Jan 292016

ff bead tips

As I’ve shown in other videos, there are many different ways to string beads and finish jewelry other than the typical chain or bead stringing wire.

In today’s video I show how to use bead tips, these little clam shell shaped findings. So the next time you want to use thread or fine cord you’ll know how to get neat & tidy endings to your pieces.

Here are a few examples of the different bead tips out there:

Enjoy the video and happy creating!

You can watch the Friday Findings-How to Use Bead Tips video over at Youtube.

Jan 252016

leather tassel necklace

Today’s necklace incorporates two popular trends right now: leather and tassels. I kept the number of beads minimal and wire wrapped the leather cord for security and interest.

In the video I first bound the tassel with a bit of suede cord but as I show later I decided to wire wrap it in the same way as I did the rest of the suede cord.

It’s worth it to use the cord ends around the back of the neck so you don’t risk any scratchy bits of wire.

Enjoy the video and happy creating!

You can watch the Leather Tassel Necklace Video Tutorial over at YouTube.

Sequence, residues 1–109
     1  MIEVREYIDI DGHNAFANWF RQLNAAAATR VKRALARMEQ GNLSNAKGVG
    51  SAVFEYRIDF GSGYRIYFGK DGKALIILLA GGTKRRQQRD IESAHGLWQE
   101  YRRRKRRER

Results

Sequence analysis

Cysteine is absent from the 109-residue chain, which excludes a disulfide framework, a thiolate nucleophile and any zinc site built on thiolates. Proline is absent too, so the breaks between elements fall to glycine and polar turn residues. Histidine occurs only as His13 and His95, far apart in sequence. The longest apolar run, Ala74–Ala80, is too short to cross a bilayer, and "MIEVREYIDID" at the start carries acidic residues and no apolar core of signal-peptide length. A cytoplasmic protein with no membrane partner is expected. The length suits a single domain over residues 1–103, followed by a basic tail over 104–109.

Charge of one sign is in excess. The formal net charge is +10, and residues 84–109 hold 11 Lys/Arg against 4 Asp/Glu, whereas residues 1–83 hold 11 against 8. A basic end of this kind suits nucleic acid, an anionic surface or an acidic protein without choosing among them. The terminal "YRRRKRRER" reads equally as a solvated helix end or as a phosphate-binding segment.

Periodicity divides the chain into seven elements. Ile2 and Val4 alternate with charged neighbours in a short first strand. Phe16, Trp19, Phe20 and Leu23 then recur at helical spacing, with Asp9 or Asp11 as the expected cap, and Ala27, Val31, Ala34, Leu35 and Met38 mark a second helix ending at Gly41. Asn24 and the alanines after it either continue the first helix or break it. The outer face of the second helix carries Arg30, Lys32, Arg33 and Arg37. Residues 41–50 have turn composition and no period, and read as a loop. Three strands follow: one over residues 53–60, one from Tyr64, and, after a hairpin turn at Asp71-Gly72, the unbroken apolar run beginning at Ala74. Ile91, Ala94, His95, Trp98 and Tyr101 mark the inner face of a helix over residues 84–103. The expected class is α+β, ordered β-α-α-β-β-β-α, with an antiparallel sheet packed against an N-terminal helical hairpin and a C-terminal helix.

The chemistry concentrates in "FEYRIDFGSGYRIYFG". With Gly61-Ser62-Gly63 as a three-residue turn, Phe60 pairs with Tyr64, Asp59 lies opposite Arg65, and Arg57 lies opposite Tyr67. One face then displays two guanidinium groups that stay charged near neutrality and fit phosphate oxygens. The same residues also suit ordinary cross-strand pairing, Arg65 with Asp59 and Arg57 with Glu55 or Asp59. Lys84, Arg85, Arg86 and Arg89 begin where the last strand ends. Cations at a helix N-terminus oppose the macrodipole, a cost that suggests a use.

• 24 mm round focal bead
  • 12 10-12 mm chunky black stone beads
  • 10 8 mm crystal roundels
  • 8 6 mm black beads
  • bead stringing wire
  • two crimps
  • two crimp covers
  • two wire protectors
  • 3 yards 1/8 inch suede cord
  • 26 gauge craft wire
  • two cord ends
  • clasp
  • 2-3 inch piece of chain
  • 8mm jump rings
  • 20 #6 seed beads
  • eye pin



  1. Wrap suede cord 9 to 10 times around an object approximately 4 inches across. Slide loops off the object and insert an 8 mm jump ring to hold all of the loops. Use 26 gauge wire to wrap several times 1/4 inch below the jump ring to bind the tassel. Bend the end of the wire about 1/4 inch and tuck in between loops to secure.
  2. Slide 24 mm bead onto an eye pin and make a loop at the other end of the eye pin with One Step Looper or round nose pliers.
  3. Onto bead stringing wire slide a crimp and a wire protector. Slide the wire back through the crimp and flatten with One Step Crimper or crimping pliers. Trim excess wire and cover with a crimp cover.
  4. Onto wire slide 3 6 mm black beads and then alternate five chunky black beads with five crystal roundels with a number six seed bead in between each. Add one more chunky black bead and a 6 mm bead. Slide on one loop of the 24 mm bead and then reverse the pattern of beads and crystal roundels . Add a crimp, wire protector and crimp cover as previously.
  5. Slide a 10 inch length of suede cord through 8 mm jump ring and fold back an inch of the cord. Bind with a 3-4 inch piece of 26 gauge craft wire. Trim excess suede cord. Attach loop to one of the wire protectors. Repeat to attach a 10 inch length of suede cord to the other side of necklace.